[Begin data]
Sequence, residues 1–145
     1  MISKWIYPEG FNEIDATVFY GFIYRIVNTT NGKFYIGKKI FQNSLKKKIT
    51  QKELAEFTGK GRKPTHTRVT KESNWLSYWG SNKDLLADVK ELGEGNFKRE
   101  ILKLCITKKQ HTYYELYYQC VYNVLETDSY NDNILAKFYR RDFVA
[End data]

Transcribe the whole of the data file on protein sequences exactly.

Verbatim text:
Sequence, residues 1–145
     1  MISKWIYPEG FNEIDATVFY GFIYRIVNTT NGKFYIGKKI FQNSLKKKIT
    51  QKELAEFTGK GRKPTHTRVT KESNWLSYWG SNKDLLADVK ELGEGNFKRE
   101  ILKLCITKKQ HTYYELYYQC VYNVLETDSY NDNILAKFYR RDFVA